Open government group applauds Delaware redistricting hearings
Delaware’s redistricting process will launch later this month with online hearings that were called for by Common Cause of Delaware in August.
The COVID-19 pandemic is creating a time crunch for legislatures all over the country to redraw district lines. In Delaware, the deadline to get Senate and House district lines changed is November 7. That’s one year before the 2022 election, when all 62 seats in the General Assembly will be up for grabs.
With less than two months to go, that doesn’t leave much time for this complicated, and often contentious, process to get done.
In August, open government advocates — including Common Cause of Delaware, the League of Women Voters of Delaware and the ACLU-Delaware — wrote to legislative leaders, urging them to get started on the process and include the public in that effort.
“It’s concerning that state leaders refuse to communicate about how they plan to hold a process that is transparent and accountable to the people,” said Common Cause director Claire Snyder-Hall last month. “Redistricting will determine the people of Delaware’s voting power for the next 10 years and we deserve to know how state legislators plan to draw new maps. It’s time state legislators start communicating with the public about this year’s redistricting cycle.”
Now, State House Speaker Pete Schwartzkopf and Senate President Pro Tempore David Sokola, both Democrats, have officially outlined procedures for redistricting, including an online public hearing planned for Sept. 28.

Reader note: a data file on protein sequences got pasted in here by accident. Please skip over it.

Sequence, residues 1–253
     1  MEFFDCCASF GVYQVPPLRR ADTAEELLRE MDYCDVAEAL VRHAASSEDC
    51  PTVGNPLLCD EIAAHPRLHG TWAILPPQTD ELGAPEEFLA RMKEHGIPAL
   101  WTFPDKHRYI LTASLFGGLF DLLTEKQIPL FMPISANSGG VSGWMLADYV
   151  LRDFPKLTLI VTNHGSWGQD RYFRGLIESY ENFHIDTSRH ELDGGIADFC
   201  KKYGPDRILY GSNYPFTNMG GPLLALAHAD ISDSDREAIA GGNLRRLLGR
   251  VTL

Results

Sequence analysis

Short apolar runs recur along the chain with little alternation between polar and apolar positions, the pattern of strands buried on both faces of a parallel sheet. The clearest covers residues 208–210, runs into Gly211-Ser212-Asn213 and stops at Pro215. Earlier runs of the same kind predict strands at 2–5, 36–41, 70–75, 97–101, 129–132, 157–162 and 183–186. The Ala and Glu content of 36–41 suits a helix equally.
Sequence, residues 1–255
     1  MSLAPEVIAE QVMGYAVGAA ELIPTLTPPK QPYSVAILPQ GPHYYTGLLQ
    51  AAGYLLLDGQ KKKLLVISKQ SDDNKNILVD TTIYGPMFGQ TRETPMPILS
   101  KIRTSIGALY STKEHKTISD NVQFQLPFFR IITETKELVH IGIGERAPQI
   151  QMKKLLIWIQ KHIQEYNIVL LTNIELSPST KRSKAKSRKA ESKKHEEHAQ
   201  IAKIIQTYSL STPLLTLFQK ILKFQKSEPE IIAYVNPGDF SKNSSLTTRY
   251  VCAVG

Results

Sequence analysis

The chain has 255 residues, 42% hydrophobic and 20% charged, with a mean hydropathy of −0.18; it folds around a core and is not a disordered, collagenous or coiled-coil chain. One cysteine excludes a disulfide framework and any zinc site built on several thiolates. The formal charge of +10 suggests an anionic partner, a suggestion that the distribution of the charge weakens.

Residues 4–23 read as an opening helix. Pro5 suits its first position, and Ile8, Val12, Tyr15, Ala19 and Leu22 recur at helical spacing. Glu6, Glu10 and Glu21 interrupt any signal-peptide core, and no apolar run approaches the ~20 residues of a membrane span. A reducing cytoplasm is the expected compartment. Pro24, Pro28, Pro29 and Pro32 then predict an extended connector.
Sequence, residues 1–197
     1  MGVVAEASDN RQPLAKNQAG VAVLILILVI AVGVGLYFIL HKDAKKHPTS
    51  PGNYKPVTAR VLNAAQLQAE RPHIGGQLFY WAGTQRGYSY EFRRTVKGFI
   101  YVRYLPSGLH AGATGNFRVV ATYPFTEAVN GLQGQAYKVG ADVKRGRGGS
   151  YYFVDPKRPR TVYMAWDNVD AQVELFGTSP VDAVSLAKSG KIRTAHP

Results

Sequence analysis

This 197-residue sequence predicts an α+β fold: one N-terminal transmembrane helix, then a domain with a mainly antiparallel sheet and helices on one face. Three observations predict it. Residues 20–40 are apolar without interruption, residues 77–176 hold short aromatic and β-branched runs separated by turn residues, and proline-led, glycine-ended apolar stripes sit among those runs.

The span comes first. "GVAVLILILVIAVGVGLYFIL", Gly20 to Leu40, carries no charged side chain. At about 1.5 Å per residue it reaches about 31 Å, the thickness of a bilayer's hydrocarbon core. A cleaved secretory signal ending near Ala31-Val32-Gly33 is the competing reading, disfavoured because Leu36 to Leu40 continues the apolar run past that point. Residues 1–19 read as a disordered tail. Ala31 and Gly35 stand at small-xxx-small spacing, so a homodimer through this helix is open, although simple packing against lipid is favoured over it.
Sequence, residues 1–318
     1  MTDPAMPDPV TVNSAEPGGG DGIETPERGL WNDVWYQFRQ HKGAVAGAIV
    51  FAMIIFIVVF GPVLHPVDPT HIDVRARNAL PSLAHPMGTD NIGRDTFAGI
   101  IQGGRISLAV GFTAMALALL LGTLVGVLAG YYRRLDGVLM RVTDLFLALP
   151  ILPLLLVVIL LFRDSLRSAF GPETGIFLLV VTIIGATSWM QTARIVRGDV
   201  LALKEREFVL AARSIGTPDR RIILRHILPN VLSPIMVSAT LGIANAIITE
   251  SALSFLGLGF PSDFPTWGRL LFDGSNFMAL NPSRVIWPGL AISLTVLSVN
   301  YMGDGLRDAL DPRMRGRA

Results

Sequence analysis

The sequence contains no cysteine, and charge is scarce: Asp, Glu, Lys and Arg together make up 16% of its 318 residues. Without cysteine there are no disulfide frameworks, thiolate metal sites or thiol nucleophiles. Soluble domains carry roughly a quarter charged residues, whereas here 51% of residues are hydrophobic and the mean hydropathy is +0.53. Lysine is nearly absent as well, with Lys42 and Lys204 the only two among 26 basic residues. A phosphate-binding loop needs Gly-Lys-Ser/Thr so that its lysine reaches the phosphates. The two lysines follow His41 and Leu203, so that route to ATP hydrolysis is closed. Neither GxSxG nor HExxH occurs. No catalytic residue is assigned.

“Our primary goal is to make the redistricting process as open and transparent as we can,” Sokola said. “Redistricting is always a highly technical process, but further complicated this year by both the COVID-19 pandemic and the late arrival of crucial population data that is affecting states across the country.”
In a typical redistricting year, state lawmakers would get census data to help redraw lines in April. This year, because of delays related to COVID-19, release of the raw data was delayed until mid-August, according to the National Conference of State Legislatures. There’s even a longer delay for the data in more user-friendly tables, which won’t be available from the U.S Census Bureau until Sept. 16.
“The Speaker and I feel very strongly that these challenges should not stand in the way of our efforts to engage the public so we end up with district lines that serve our communities,” Sokola said.
The House and Senate will gather in a special session before the November deadline with each holding public hearings on the new maps. Draft maps will be posted on the state’s redistricting website at legis.delaware.gov/redistricting.
“We are glad that state leaders heeded our calls for the public to have a say in this important democratic process,” Snyder-Hall said. “We hope these public hearings will provide an opportunity for the people of Delaware to participate in a meaningful way in the map-making process, so that the process of community districting will result in the drawing of fair maps that preserve communities of interest. And we look forward to the launch of the new website.”
The redistricting process could have a bigger impact in southern Delaware than elsewhere in the state. Sussex County’s growing population could mean a consolidation or combination of districts in northern Delaware to add a new district in Sussex.
The final decision on those new lines will be up for a vote before the full House and Senate later this fall. Gov. John Carney must also sign off on the new maps.
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